What is wonderful is as more folks have gotten onto the bandwagon of using social media, they're also using national PR campaigns. Last year there was a PR campaign around birth to five activities. And their #Hashtag was B-uppercase-letter 25. As an organization -- it was concerned with families who are involved in policy around part C or early intervention. The early intervention alliance jumped on that PR campaign and really added their own -- using their #Hashtag then try to expand the conversation to make sure that conversations around family leadership and around [ Indiscernible ] were also in the conversation. YouTube. I was shocked, I spent a lot of time over the last week looking at some of the data. I think that this is a place that we are not really capturing well as a community, as a disability community. I think there are tons of videos out there. And just like Google and searching, this is a place that families need assistance. There are lots of official sites out there. Add .gov has tons of videos. All of the TA sites have videos. But I don't think that we as a community are doing a good job in sharing this and making sure that regular families on social media are accessing these sites. One of the things that I worked with the [ Indiscernible ] to do is: Videos and make playlists. We have them organized by playlist. We had one that is just around technology. Another one that is family to family. We had a playlist on training videos that we filed. And then what we do is each month, as you see, we have a video shot there last month. We are featuring a video that I had done for my state. This month we're featuring a video that parents and professionals did the Massachusetts around family surveys. And the importance of family surveys. I think this is a place that is ripe where we can share things. The other thing that I know from working with families is that families are taking videos of their children and uploading them. Again, I would say I think that is wonderful, I would work with families to remind them that once it's there, it's their. Once you upload something to YouTube, you really can't strip it down because people will have cashed it to their computers and they have those videos. On the flip side, one of the wonderful things I've seen is I have seen families using this as a way when a family member says we have been trying something with our child or we have this new piece of equipment, has anybody else used it? And another family will snap a video with their phone of there kiddo using that Walker, whatever or just a video of the child talking about what they thought about it, and shared on YouTube and re-share it. I know in the old days we used to send VHS tapes to one another and their was an expense. Now it is YouTube and it is practically free. So families are doing it. I think we need to help them to think through the ramifications of it but I also think that we have tons of videos already out there. We don't necessarily need to create new videos. We need to let people know that they are out there. Pacer, [ Indiscernible ], I have links for all of them in the handout. They have great videos out there. And I know you guys do to. I think we need to get them out further to families. This I had to share because Pinterest has just exploded as a side. The idea behind Pinterest is it was a bulletin board site where you would -- like a regular bulletin board where you put design ideas and maybe you want to redo your liver and worm and you say does is paint color go with that chance or at this sofa that I'm keeping just think about what you pin it to a board. This is an on -- online way of doing it. Pinterest has become a site for young women. Young women with children. And they are pinning all kinds of stuff. When I started playing with Pinterest about a year ago, I thought to myself this is really a good site for early intervention? My girlfriends who are into and designs and refurbishing and recycling furniture were using it. And they had encouraged me to get on and I said I don't know, I don't think this is really a site for intervention. I have hundreds of followers and I have boards for gross motor, fine motor, visual impairment, hearing impairment, assistive technology, and a whole page just for iPad apps. I am not doing any of the pinning anymore. I now have other people pinning on my page for me. They find stuff and they pin it to my board. And then other people share. The idea is to share things. It is amazing the things you can't -- some of these gals are really super crafty, but as somebody who is doing early intervention stuff and focused on part C, I know that I have to be active and involved on-site where young parents are going to be. Parents of young children. This is the site that folks are on all over the place. Again, I have included some places where you can get started if you want to jump into the Pinterest. I will warn you, like Alice in Wonderland, you make it sucks down there. You have been warned.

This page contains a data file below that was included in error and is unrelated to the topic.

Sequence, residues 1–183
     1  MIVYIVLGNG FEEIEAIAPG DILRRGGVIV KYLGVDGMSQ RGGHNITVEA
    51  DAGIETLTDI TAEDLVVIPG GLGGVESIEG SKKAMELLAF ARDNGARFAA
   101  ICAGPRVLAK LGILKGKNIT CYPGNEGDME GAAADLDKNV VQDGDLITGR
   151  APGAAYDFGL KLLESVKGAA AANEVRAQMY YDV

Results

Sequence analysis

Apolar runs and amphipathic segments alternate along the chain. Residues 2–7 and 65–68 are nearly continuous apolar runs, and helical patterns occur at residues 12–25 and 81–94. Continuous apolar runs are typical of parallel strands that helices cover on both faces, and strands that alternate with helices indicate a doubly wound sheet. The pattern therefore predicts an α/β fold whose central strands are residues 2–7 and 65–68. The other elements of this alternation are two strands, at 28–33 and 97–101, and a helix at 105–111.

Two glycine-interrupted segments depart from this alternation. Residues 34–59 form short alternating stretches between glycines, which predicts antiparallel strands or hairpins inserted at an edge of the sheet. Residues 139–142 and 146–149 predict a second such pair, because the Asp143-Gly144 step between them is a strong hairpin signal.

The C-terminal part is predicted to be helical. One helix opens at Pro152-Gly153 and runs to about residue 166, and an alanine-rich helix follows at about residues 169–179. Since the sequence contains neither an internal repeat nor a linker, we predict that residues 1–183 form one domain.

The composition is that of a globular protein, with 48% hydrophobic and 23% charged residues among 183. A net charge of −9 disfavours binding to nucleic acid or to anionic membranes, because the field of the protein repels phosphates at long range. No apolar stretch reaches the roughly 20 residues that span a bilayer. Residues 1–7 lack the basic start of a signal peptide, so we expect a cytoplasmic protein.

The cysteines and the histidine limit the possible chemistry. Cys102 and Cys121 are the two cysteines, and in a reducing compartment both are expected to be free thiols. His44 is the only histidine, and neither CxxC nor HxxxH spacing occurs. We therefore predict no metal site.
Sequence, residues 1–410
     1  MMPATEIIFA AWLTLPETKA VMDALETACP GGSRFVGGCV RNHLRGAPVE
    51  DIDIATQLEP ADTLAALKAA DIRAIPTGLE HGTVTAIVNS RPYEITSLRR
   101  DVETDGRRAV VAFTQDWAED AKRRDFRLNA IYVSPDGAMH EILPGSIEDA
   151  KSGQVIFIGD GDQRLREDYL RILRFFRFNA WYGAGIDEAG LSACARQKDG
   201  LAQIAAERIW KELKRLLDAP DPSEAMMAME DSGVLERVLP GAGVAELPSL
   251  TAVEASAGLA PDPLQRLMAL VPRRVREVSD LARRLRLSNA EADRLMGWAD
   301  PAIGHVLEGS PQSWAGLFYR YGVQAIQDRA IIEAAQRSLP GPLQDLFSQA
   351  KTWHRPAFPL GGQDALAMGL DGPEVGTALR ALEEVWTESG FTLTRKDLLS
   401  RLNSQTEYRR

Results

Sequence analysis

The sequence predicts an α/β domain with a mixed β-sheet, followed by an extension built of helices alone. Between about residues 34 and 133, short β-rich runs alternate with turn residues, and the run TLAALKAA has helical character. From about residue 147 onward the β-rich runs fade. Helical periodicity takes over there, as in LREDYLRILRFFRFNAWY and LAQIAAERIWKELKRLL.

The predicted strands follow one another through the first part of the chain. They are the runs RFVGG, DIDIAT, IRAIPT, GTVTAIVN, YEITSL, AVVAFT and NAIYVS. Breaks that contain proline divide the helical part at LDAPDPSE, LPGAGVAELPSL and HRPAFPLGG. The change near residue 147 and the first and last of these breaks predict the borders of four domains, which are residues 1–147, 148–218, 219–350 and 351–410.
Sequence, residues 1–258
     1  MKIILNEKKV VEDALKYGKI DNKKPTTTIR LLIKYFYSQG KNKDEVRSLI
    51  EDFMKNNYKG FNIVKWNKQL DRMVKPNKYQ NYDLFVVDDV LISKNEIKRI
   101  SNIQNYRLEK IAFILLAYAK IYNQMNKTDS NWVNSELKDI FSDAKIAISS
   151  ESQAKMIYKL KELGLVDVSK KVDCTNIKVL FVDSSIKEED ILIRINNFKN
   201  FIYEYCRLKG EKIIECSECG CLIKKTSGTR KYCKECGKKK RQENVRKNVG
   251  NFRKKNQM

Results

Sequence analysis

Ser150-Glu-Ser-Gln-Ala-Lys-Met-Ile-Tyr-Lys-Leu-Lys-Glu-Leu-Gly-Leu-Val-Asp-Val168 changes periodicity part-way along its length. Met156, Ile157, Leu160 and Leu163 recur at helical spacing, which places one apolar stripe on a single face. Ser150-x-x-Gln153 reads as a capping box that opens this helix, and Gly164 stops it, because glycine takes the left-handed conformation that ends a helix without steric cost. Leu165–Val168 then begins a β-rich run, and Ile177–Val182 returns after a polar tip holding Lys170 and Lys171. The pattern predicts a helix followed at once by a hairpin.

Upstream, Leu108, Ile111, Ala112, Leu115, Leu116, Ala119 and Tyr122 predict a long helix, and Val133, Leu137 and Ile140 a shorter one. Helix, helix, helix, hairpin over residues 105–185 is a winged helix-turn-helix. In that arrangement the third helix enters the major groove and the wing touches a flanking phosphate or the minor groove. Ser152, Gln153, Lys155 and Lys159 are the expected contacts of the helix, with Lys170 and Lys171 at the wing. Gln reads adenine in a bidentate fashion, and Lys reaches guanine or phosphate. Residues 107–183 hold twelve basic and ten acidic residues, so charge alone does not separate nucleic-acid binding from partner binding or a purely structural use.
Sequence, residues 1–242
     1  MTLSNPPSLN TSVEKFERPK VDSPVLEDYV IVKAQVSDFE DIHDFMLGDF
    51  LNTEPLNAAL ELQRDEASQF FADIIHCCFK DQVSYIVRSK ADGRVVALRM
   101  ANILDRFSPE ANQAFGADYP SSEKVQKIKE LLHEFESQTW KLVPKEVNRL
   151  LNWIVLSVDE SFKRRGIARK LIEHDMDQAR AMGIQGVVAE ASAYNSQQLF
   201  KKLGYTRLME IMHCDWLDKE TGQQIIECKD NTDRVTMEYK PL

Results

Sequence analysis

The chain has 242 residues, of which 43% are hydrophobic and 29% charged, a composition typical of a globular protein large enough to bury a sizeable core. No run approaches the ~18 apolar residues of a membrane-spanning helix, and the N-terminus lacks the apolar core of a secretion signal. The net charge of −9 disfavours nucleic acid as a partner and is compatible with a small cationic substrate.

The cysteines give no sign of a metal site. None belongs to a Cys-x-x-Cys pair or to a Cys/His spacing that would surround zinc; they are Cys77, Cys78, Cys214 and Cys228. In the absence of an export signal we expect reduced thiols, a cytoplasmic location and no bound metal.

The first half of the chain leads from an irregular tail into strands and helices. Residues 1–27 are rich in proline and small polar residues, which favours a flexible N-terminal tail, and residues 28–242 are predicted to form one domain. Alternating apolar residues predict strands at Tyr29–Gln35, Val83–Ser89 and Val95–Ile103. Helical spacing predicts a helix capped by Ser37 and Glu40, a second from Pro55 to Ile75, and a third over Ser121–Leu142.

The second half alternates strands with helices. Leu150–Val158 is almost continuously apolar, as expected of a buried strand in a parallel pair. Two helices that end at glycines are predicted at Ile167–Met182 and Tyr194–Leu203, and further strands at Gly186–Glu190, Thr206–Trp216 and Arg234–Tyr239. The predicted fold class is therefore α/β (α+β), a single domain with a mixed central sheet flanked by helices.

We find the sites you have to bookmark them. Hugh have to bookmark them, use different sites and there are tons of bookmarking sites. Here I have delicious but there is day, read it, there are all kinds of different places. Jessica is sharing that [ Indiscernible ] Pinterest page is in process. That's a great one. I included this in my handout, as we start to find all these things and we want to share them, it's important that you also find ways to easily share them. I would suggest one of the apps that I really like is at this. You can put add this on your website and you can also add it to your own personal browser. So you are sharing things that you are fighting on the web. The e-mail or Facebook or YouTube or Pinterest, you can use your ad there's site to quickly add things. I also like to bookmark it, a site like delicious so I can go back and find it later as well. John Harding is one of the folks that helps with the wiki at CoP. That's a great one. We encourage people to join. A community of practice, there are lots of those to get involved in. The added this which is in the handout, it is an application that you can put on your website. If you have -- they can put the Add This button so people could find it on their site and you can also add it to your own personal browser. You can add a button to your browser and that way when you are on a site you can quickly share it to Facebook or Twitter or any of those thousands of sites that you might be using. I would encourage people -- I am trying to give you a big flavor of why I think getting involved in the Internet and using social media is important. I would encourage you to join different communities of practice. And on the last slide, John Harding is somebody who works on the wiki CoP. The TA network has a community of practice. I would absolutely go to the national dissemination Center. They have tips and tools for disseminators. A whole page called steal this. They have a toolkit on how to set up guidelines for using your Facebook and social media sites so you are educating families about how they might do that. And I really -- if you walk away with anything, I would say start tomorrow and build. Take a look at the handouts. And play around with them. Partner with one another. And be social and share. I think I've answered any questions that were in the chat but I would like to open it up for questions.